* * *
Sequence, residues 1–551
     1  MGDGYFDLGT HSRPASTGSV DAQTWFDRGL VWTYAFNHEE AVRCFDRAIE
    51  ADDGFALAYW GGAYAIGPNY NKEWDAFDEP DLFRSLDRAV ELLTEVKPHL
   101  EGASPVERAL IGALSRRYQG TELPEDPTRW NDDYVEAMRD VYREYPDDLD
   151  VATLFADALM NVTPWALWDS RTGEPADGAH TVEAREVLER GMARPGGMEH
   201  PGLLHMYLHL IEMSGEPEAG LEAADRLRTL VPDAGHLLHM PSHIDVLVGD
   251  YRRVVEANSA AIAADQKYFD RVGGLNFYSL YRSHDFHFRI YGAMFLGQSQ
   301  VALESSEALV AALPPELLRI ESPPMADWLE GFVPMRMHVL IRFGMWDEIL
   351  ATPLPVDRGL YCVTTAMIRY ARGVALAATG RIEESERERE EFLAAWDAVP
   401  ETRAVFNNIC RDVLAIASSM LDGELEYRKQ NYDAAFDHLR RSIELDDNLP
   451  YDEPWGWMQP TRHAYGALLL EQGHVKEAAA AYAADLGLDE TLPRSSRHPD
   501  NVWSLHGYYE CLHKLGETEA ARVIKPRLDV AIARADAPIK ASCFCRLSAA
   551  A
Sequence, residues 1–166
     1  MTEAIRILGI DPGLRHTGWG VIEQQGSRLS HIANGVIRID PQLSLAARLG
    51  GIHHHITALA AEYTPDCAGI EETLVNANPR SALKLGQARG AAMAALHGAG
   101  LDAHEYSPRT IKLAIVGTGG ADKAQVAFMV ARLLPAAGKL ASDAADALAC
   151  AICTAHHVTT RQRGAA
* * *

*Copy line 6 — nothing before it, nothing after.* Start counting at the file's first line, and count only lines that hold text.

   201  PGLLHMYLHL IEMSGEPEAG LEAADRLRTL VPDAGHLLHM PSHIDVLVGD